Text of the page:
Wed, Mar 2 and Thu, Mar 3

The two days are interchangeable for Honors students, as one day is for registration while the other is for the jigsaw in-class activity. Both classes will be at the same point on Friday.


DUE TODAY: Evaluation of an argument (see prev lesson)


  • Review vocab words, get flash cards ready
  • Study guide questions

FOCUS: Gaining understanding through verbal exchange


Antigone vocabulary: Pgs 191-210 - and:

promulgation, interdict, nemesis, martyrdom, epiphany, fulminant, caparisoned, bacchanalian, brandish, ubiquitous, panoply, vicissitude, vex, injunction, infringe, doddering, glister, squall, buffet, pillage, bairn, flagrant, nullify, flout


Honors English 11 – Jigsaw!

  • Arrange the desks into SIX groups of FIVE (one desk will be left over)
  • Each group shall represent one set of reading questions, excluding the prologue (Scenes 1 through 5, plus the epilogue/exodus)
  • Take your text, reading questions, paper, and pen/pencil to one of the groups
  • With the students in the group, share responses to the reading questions in that part of the text; take note of any additions required for your own paper
  • Discuss what happens in this segment of text fully. Ask questions for anything unclear and get answers as a group.
  • Collectively, decide on a three-sentence summary of the action in this section of the text: “This is the part where …” and copy that summary onto the note paper
  • Collectively, identify three items that are notable in this section. These notable items might be stylistic – like how Sophocles presents certain information or a character – or plot-oriented – like mentioning key events that are important for understanding. Write these three notable items on the paper   


At this point, everyone in the group has a “master” answer for each question in the portion of the text assigned. Everyone in the group knows what happens in that section of the text and can summarize it in three sentences. Everyone can identify three notable stylistic or plot-related items in that section.


Now we mix up the groups such that each new group is comprised of at least one member of the previous master groups. In this way, when you share your “master group” findings, everyone in class benefits from the earlier discussions. Everyone can complete their study questions and have a higher quality product than when first entering class.



Tue, Mar 1


DUE TODAY: Assessment of an argument in Antigone (see prev lesson)


  • Finish reading Antigone and complete the guiding/study questions
  • Finish making flash cards for the given vocab words (24 total)
  • Analyze one of the arguments presented on pages 210-211 and Ismene on pg 215; assess the use of logos, pathos, and ethos as you analyze (i.e. Which is most prevalent? Which is/are absent?)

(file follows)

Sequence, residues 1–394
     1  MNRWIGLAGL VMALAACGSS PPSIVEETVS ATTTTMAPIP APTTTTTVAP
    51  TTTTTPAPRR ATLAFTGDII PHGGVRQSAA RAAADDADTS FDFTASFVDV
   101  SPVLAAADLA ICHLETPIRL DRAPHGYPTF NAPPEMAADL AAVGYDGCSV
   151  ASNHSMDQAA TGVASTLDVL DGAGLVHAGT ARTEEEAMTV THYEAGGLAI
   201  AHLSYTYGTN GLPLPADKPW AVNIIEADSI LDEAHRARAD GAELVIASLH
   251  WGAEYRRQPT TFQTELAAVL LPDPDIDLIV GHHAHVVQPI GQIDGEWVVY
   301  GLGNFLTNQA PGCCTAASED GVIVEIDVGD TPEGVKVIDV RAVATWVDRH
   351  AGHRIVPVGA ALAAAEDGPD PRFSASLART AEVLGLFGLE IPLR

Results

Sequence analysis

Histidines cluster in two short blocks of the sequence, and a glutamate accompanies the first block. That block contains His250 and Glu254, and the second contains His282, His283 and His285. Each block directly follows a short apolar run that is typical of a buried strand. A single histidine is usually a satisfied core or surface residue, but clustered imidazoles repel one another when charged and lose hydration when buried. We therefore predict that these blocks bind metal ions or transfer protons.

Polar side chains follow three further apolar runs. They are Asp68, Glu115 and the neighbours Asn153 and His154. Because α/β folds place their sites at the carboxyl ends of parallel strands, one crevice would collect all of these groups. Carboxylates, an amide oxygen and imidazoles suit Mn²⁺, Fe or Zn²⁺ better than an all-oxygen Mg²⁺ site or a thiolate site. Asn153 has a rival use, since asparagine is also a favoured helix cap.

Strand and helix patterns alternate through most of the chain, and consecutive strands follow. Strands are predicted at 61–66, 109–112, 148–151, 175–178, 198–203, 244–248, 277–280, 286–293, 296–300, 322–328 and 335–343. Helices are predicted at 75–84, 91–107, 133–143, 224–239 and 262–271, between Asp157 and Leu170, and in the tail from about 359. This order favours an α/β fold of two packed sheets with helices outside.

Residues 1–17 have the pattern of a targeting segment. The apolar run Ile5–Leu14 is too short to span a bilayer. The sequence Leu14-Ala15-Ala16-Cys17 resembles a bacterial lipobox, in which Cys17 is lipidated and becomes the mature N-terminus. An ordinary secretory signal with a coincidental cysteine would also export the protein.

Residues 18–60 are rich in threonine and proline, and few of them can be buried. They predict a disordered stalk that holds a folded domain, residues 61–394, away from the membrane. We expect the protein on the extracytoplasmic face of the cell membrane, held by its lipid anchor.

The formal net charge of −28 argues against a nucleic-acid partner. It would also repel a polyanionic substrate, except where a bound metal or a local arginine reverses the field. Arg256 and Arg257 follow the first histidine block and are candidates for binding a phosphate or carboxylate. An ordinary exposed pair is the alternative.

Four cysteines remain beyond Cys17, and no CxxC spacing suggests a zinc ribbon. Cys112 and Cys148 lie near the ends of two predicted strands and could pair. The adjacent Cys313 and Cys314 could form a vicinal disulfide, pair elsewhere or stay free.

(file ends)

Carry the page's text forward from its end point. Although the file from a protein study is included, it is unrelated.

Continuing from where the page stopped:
FOCUS: Reading day


SAMPLE beginning of a response from yesterday's homework on assessing Ismene's argument on 193:

     On page 193 Ismene pleads with Antigone not to go forward with her plan to give burial rites to Polynieces. In her argument, she presents three different claims, the first having to deal with the horrific history of her own family. Ismene reminds Antigone of the painful events surrounding the death of each of people in their immediate family: their father’s self-blindness and banishment, their mother’s suicide by hanging, and their brothers’ murdering battle. When she tells of each, she uses dramatic phrases to emphasize the horror of each event. For example, instead of simply stating that the mother hung herself, Ismene recalls the shame of the marriage to the son by referring to the mother as “mother-wife” and uses the phrase “twisted off her earthly days with a cord” to describe her suicide by hanging. The image of a cord twisting to strangle the life from a woman is emphasized, and this monstrous image reveals a use of pathos. Pathos is an appeal based on emotion, and here Ismene hopes, through her dramatic, pitiful descriptions of the deaths of their family members, to elicit a reaction of horror and fear in Antigone. This is especially evident when, after listing the mode of death for each family member, Ismene concludes, “Think of how much worse our end will be than all the rest if we defy our sovereign’s edict and his power.” As if the deaths previously mentioned were not horrific enough, Ismene calls upon Antigone’s imagination to create an end that is even more terrifying and shameful than the others. This appeal aims to generate dread, anxiety, and unease in Antigone.

     Ismene continues her appeal to Antigone with …


Focused reading day


Meetings w/ teacher


Mon, Feb 28


DUE TODAY: Point of view activity (see previous homework)


  • DUE TOMORROW: Try to pick apart Ismene's speech on 193. See lesson below for details. 
  • DUE IN TWO DAYS: Analyze one of the arguments presented on pages 210-211 and Ismene on pg 215; assess the use of logos, pathos, and ethos as you analyze (i.e. Which is most prevalent? Which is/are absent?)
  • DUE IN TWO DAYS: Make vocab flash cards for the first 24 words from Antigone

FOCUS: Logos, pathos, ethos


Overview of the three main types of argument: Logos, pathos, ethos


TONIGHT: Sample assessment of an argument: Ismene's speech on 193:

  • The speech is broken into three parts - can you identify each element of her argument? (HINT: One elements is based on the argument that they are women.)
  • Once you identify the elements, you must then decide if she primarily uses logos, ethos, or pathos
    • Logos = tries to explain or persuade via logic
    • Pathos = tries to persuade via emotional appeal
    • Ethos = tries to persuade based on credibility/trustworthiness 


Antigone vocabulary: Pgs 191-210 - and a QUIZLET for the words (by Kendall Avery)

promulgation, interdict, nemesis, martyrdom, epiphany, fulminant, caparisoned, bacchanalian, brandish, ubiquitous, panoply, vicissitude, vex, injunction, infringe, doddering, glister, squall, buffet, pillage, bairn, flagrant, nullify, flout


Discussion of point of view activity


Return of papers, some organization of materials!


Fri, Feb 25




  • Hopefully, all continue to read Antigone and answer the guiding questions (doc)
  • Justify actions, thoughts, and dialog from the point of view of one character. Get into their head and propose why the character does and says what they do. (about a page)

FOCUS: Reading and point of view


Read as much of Antigone as you can in class, focusing on the motivations of individual characters. See the homework above.


Thu, Feb 24



HOMEWORK: Continue reading

FOCUS: n/a




Wed, Feb 23


DUE TODAY: Revised Oedipus timed-writes, late "Psycho" responses

HOMEWORK: Tackle the guiding questions for Antigone (doc) and read, read, read

FOCUS: Point of view, read aloud in class of the first episode of Antigone


Point of view: "Seeing" through different lenses


Read aloud of Antigone, brief discussion of why characters do what they do and say what they say.


Comments (0)

You don't have permission to comment on this page.